Everybody Loves Lucy

Hayes Theatre Co, March 22

Elise McCann.  Photo: supplied

Elise McCann. Photo: supplied

Elise McCann is a real delight in Everybody Loves Lucy, her cabaret show about Lucille Ball, giving a beautifully pitched, thoroughly engaging performance, which sees her shining brighter than the show itself.

Ball began her career on Broadway, played some small roles in Hollywood during the 1930s and 40s and then, together with her Cuban musician husband Desi Arnaz (with whom she eloped in 1940), changed the face of television comedy with her seminal sitcom I Love Lucy.

Running for six years from 1951 and then a further three years in various incarnations under titles including The Lucy-Desi Comedy Hour, I Love Lucy was the most popular TV show in the US at one point.

An astute businesswoman behind the scenes, Ball became the first woman to run a major television studio in 1962. Meanwhile, early in her career, the House Un-American Activities Committee investigated her links to communism.

It’s too big a life to fit into a one-hour cabaret so McCann and co-writer Richard Carroll have sensibly focused on the I Love Lucy years.

Set in the TV studio, Everybody Loves Lucy avoids using a narrative voice to tell us about her career (a common device in cabaret and often a clunky one). Instead the show traces the development of the pioneering sitcom through various vignettes and a series of comedy sketches.

In one scene, we see Ball negotiate her way to becoming the first woman to appear on screen pregnant – or “expecting” as conservative television executives preferred to put it.

The show also goes behind-the-scenes where the pressures on Ball’s marriage and family life (she and Arnaz had two children she saw little of) were such that as soon as the sitcoms with Arnaz ended in 1960, she filed for divorce.

Without actually impersonating Ball, McCann captures a vivid sense of the famously ditzy, redheaded housewife Ball portrayed on screen, nailing her zany brand of vaudevillian comedy with its clown-like physicality. She also conveys a strong sense of the era.

Her comic timing is spot-on throughout. Some of the skits are funnier than others – mainly because much of the humour is now so dated – but she is hilarious in a sketch promoting a health tonic with a mouthful-of-a-name, which becomes increasingly unpronounceable as she takes swigs of the alcohol-laced concoction.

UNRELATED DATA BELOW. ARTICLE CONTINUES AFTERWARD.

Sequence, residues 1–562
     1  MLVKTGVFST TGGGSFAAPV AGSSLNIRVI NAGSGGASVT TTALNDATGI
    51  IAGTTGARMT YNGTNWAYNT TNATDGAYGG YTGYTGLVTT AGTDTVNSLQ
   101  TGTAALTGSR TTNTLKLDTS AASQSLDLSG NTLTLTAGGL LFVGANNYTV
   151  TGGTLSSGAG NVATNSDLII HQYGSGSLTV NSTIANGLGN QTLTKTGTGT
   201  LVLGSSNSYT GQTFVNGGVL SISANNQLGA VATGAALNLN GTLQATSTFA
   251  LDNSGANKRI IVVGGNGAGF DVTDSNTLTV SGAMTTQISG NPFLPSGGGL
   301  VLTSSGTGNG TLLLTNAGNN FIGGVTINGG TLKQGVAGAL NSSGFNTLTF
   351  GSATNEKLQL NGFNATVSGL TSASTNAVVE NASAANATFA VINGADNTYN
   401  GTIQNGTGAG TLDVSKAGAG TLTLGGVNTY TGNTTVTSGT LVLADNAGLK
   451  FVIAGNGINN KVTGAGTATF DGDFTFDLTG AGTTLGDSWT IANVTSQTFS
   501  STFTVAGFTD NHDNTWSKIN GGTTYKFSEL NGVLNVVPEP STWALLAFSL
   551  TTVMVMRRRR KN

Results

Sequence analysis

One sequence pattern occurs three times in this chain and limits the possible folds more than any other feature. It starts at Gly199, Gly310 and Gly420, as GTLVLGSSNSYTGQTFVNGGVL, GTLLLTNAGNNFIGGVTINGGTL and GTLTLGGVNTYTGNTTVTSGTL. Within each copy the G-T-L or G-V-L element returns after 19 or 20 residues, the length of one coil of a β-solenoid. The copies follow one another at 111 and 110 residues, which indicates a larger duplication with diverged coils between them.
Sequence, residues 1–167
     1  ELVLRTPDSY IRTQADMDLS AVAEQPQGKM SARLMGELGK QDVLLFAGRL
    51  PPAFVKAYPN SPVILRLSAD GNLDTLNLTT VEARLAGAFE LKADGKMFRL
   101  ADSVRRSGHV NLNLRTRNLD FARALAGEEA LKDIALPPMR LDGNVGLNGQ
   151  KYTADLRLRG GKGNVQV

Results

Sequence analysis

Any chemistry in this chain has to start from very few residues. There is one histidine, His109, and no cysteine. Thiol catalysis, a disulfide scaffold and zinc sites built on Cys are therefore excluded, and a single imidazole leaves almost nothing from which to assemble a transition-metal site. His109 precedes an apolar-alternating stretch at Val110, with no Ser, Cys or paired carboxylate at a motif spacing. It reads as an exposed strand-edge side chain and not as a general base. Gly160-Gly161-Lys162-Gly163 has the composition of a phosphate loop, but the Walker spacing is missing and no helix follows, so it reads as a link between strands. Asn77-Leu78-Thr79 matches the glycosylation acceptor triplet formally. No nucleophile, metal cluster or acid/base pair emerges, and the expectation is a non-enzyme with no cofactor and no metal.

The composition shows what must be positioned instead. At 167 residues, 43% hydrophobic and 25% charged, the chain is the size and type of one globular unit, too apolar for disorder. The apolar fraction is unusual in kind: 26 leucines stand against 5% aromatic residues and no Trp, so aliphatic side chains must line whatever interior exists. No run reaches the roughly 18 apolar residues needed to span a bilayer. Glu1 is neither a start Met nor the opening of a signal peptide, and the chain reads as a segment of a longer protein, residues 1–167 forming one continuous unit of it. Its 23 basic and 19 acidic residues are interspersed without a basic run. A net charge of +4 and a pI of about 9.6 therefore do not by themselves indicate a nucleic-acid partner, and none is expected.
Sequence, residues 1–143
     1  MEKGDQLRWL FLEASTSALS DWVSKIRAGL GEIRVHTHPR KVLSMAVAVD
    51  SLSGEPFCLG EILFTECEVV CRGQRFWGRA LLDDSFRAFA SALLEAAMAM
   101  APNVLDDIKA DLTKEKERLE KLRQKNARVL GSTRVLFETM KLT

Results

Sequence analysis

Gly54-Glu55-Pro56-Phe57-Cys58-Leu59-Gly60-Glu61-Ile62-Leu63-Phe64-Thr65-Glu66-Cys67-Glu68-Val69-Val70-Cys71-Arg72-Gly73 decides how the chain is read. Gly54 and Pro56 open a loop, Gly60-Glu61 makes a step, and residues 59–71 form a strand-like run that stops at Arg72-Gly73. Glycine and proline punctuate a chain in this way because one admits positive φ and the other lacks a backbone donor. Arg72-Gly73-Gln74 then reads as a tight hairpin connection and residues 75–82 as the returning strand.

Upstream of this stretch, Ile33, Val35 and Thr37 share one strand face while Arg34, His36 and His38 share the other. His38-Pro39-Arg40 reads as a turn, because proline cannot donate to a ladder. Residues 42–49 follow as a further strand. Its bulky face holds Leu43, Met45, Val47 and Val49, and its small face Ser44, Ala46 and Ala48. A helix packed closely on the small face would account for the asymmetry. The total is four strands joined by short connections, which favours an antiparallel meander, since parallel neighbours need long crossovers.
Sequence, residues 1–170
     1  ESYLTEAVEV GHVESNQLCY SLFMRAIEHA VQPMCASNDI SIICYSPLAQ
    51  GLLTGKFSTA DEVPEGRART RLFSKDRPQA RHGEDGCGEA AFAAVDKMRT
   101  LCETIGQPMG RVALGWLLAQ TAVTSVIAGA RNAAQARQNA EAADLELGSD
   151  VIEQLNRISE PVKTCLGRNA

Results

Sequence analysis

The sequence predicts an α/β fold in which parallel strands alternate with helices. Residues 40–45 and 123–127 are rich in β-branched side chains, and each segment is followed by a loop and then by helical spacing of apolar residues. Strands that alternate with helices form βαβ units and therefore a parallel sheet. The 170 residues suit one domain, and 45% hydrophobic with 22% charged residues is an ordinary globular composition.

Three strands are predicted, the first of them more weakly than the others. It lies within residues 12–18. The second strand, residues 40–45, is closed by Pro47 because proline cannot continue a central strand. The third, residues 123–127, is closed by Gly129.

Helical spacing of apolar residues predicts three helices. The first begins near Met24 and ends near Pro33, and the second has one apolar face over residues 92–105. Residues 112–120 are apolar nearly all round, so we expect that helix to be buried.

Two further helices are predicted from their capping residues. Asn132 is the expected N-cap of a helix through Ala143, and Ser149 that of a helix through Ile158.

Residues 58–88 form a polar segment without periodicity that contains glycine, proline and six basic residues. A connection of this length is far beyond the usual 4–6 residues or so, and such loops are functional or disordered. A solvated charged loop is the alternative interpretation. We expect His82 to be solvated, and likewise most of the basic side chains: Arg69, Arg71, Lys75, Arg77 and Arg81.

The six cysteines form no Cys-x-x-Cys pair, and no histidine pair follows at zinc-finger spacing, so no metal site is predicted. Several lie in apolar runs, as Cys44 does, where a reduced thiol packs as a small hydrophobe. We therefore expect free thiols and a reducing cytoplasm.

McCann also plays a housewife, in frilly apron, who is a huge fan of I Love Lucy. It’s a clever way to indicate the huge following the show had, as well as its impact, particularly on women, with the housewife beginning to think that maybe she too could take on some part-time work.

Musical director Nigel Ubrihien (sporting a dreadful black wig) does a good job of characterising Arnaz and also voices other characters including the studio executives from the piano.

Ball was no singer and there are few songs associated with her, so McCann and Ubrihien have chosen a series of numbers from the era to relate to moments in the show including Be a Clown at the beginning and Make Someone Happy, which is used as something of a theme through the show. Though McCann sings beautifully, the songs aren’t terribly memorable on the whole or particularly moving.

The show itself breezes along but often feels rather cursory, touching on topics, ticking off moments, but without really mining the drama in them. So much is dealt with so quickly that there’s not a great deal of insight into Ball as a person and emotional moments don’t land as strongly as they might.

The show assumes some knowledge of Ball; if you didn’t know anything about her, or had never seen I Love Lucy, I’m not sure that you would fully appreciate her impact as a comedienne.

Director Helen Dallimore stages the show well, using a dressing table on one side for the backstage scenes, and an armchair, table and lamp on the other for the housewife’s. Tim Chappel has designed a dress that transforms itself in an instant with a flap that drops to become an apron, and Christopher Horsey’s choreography suits the style and era.

Though Everybody Loves Lucy feels underwritten at times, McCann is a wonderful draw-card, giving a very enjoyable performance that confirms her considerable talent. I can’t wait to see her as Miss Honey in Tim Minchin’s musical Matilda, opening in Sydney in August.

Everybody Loves Lucy runs at the Hayes Theatre Co until March 28. Bookings: www.hayestheatre.com.au or 02 8065 7337

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